The idea of academic freedom is fundamental to the idea of a university. It is what distinguishes us a from a factory. It surely cannot be abridged at the whim of the management.

I was wrong. In his judgment the arbitrator asserted the article on academic freedom in the Memorandum of Agreement protected both individual faculty members and the people acting for the institution as a whole. He said "Article 6.4 maintains the rights and responsibility of the dean within the purview of pursuing the legitimate interests of the institution."

I ask you to read Article 6.4 — the Memorandum of Agreement is also posted on our web site — and see what it says.

I very well remember that evening in 1998 when Fred McCourt and Ian Macdonald and I struggled over the proper wording for the academic freedom article. We had some sharp differences then but it never occurred to us that 6.4 — by asserting the claim to individual academic freedom rested on recognizing that same freedom for other individuals in the university — could ever be stretched to support the right of a dean, or any other administrator, to behave in a way that restricted the individual faculty member's freedom we all knew was fundamental to the university's purpose.

Academic freedom is by its very nature a concept which can only pertain to individuals and not to the collectivity. That there may be some kind of academic freedom for the whole institution can only be true in the sense that all individual members of the institution have academic freedom and desist from behaving in a way which restricts that freedom for any other member of the academic community.

But the suggestion that deans, acting as managers, have academic freedom for that activity as much as you or I have it for intellectual inquiry is appalling. Indeed, the idea that there may also be a kind of collective academic freedom — a kind of institutional imperative that is superior to individual academic freedom — is the very antithesis of what we have always understood academic freedom to be.

It makes individual academic freedom in effect irrelevant. It treats it with the same contempt that R. H. Tawney once described the concept of equality of opportunity as having in a capitalist society: "obviously a jest ... the impertinent courtesy of an invitation offered to unwelcome guests, in the certainty that circumstances will prevent them from accepting it."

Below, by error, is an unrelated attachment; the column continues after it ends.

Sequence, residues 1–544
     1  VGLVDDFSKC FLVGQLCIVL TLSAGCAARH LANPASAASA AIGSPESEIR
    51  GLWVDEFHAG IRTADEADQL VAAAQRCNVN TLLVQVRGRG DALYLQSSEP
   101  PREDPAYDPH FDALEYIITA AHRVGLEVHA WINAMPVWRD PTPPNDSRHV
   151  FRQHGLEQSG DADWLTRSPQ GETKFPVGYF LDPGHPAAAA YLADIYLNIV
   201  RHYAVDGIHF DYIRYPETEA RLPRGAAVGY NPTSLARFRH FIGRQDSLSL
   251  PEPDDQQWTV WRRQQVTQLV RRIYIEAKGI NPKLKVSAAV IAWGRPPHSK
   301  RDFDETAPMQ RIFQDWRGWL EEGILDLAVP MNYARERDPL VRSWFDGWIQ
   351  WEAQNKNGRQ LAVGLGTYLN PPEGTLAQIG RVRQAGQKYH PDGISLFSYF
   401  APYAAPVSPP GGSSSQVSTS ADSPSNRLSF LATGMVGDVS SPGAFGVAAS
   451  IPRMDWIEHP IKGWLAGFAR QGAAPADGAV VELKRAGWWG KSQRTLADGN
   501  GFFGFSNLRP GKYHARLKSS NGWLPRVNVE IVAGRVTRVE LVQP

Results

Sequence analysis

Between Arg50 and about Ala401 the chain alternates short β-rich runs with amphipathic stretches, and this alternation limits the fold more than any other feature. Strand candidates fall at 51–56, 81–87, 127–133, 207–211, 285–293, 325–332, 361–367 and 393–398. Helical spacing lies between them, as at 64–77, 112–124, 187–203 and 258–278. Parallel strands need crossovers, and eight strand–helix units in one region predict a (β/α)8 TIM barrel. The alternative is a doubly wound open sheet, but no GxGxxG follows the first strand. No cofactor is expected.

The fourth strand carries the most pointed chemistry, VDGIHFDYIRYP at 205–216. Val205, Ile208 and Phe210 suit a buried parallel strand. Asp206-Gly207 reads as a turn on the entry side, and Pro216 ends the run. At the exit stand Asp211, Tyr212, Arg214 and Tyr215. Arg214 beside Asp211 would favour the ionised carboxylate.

All of us at Waterloo, and no doubt everywhere else in Canada, know the idea of individual academic freedom is not meant to be a jest — even though we also know its protection has always required extraordinary vigilance — and so it follows that the idea of institutional academic freedom is simple nonsense. The very idea that the institution's needs can make it legitimate to suppress individual academic freedom is repugnant and ought not to be given even a moment's consideration.

But the arbitrator's judgment has turned the tables on us all. By completely misunderstanding the meaning of Waterloo's Memorandum of Agreement in general and the character of academic freedom in particular, it is an assault on the very nature of our university and puts at serious risk customs we have taken for granted since the beginning. And its very existence represents a threat to all of us in the Canadian university system.

We will find ways to eliminate its impact at Waterloo but the general damage has been done. The report is, as I have said, on the books. It is not going to go away. Everyone must now be ready to take whatever steps are necessary to oppose its possible consequences everywhere in the country.

John Wilson is president of the Faculty Association of the University of Waterloo.

The views expressed are those of the author and not necessarily those of CAUT.